You’ll find yourself in a position to add new tools to the toolbox as you learn new types of maintenance. At the beginning of your learning, focus on finding good resources that will help you build knowledge about a particular kind of maintenance task.
Here is a quick list of tools you need to replace a motorcycle tire:
- Tire Levers
- Rim Protectors
- Bead Breaker
- Valve Core Tool
- Tire pressure gauge (digital or analog)
- Air Compressor
How to Change a Motorcycle Tire (for first-timers)
Removing the tire
- Use the valve core tool to let all the air out. The force of the air coming out is pretty strong, so make sure you hold the device properly.
- Using a pen, draw an arrow at the end of the rim to mark the rotation.
- Remove the tire’s inner edge (bead) using the bead breaker tool. A bear breaker is a metal tool you insert between the wheel rim and the tire. When successful, you will hear a pop when the bead breaks loose. You have to loosen up all the edges (both sides). If the bead isn’t coming out, it means there’s still air in the tire.
- To help the tire bead come out, spray a silicone lubricant. Putting tire irons under the bead and pulling the tire away from the rim makes it easy for the timer to slip off. You need to remove both sides of the tire until it can slip off completely.
- Use two tire levels to pry the bead up, then slide it over the rim. These levers are long metal tabs. You push them under the bead and use them to pull the tire up. At this point, the rim becomes a fulcrum, allowing you to easily pop the tire up over it. Move around until the whole tire is above the rim. Be careful as this action can chip your rim.
- Break the bead and pry out the tire on one side to get the rim off of it. Make sure to do this on the other side to get rid of the wheel.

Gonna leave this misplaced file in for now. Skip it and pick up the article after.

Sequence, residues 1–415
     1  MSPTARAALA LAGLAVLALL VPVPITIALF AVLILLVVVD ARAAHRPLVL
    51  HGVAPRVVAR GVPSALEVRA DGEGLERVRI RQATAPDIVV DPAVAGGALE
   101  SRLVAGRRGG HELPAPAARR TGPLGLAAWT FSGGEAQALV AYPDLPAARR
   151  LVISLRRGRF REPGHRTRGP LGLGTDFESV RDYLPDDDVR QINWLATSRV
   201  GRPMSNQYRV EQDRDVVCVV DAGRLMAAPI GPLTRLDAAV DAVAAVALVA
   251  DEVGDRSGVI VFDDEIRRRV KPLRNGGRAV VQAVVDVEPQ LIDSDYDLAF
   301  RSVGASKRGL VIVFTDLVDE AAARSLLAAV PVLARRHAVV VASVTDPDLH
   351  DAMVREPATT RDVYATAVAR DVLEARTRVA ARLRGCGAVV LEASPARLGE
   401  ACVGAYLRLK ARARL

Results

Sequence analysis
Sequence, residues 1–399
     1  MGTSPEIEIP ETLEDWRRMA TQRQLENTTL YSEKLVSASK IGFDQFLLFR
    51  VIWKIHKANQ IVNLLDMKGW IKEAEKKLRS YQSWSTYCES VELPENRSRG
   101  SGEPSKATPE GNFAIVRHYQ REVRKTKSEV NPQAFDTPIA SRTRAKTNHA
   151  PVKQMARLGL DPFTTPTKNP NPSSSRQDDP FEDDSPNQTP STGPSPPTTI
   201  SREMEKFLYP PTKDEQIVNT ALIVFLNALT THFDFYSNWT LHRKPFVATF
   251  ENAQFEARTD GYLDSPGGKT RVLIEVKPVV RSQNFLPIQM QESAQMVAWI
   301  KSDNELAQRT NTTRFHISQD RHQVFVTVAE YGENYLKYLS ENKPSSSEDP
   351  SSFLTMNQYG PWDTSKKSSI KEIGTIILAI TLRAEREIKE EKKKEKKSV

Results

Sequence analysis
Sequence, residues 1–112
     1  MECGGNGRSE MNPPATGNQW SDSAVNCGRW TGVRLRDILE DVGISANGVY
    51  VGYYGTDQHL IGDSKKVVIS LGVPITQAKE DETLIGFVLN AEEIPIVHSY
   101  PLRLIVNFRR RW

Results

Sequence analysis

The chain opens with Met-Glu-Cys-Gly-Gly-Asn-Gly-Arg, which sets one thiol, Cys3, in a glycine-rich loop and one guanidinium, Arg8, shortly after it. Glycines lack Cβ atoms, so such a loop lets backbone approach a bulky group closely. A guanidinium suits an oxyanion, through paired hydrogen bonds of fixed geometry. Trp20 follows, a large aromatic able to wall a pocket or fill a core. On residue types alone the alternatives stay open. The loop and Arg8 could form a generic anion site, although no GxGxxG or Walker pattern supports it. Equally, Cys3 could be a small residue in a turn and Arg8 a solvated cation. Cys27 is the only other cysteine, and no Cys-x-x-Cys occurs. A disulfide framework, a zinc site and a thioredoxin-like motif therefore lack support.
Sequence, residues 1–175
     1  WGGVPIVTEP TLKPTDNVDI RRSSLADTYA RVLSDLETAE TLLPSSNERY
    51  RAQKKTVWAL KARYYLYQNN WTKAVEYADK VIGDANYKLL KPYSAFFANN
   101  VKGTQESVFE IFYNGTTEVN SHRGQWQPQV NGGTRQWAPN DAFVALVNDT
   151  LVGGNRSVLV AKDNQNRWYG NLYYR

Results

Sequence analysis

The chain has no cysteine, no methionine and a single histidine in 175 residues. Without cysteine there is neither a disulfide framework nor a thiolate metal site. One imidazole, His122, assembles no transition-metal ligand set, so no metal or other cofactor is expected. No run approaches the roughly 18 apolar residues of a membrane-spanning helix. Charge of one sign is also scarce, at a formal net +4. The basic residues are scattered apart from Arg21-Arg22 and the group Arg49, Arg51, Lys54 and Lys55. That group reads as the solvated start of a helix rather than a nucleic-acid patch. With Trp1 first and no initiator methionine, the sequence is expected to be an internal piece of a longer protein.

Installing the Tire
- Thoroughly spray a lubricant on the inside of the tire. The more slippery it is, the easier it is to work with.
- Place the new tire so its spin direction matches the mark you made.
- Attach one side of the tire to the rim, and then do the same for the other side. Use the tire irons to push it in. This time, the beat of the tire acts as the fulcrum. Repeat on the other side once done.
- Pump some air into the tire using the air pump. Do not inflate it fully. The goal is to hear a slight pop which indicates that the bead is popped in.
- Use a breeze tire tool to seal the tire bead into place. This tool will press the bead in, and you have to rotate the tire to get the beads on all sides.
- Pump some ceramic dust into the tire. This will keep the tire balanced and equalize some f the weight, balancing out any issues. This should be done before putting the valve stem back on.
- Return the valve stem by using the valve stem tool. Make sure to tighten it, so it doesn’t move.
- Use a tire compressor to inflate the tire to recommended pressure.
When doing any kind of maintenance, the most important thing to remember is to stay safe at all times. Be careful with tools and how you use them. Don’t work with tools you don’t know how to use. It’s essential to take your time and do your work very well.
I hope this tutorial helped you learn how to change a motorcycle tire. Good luck and happy riding!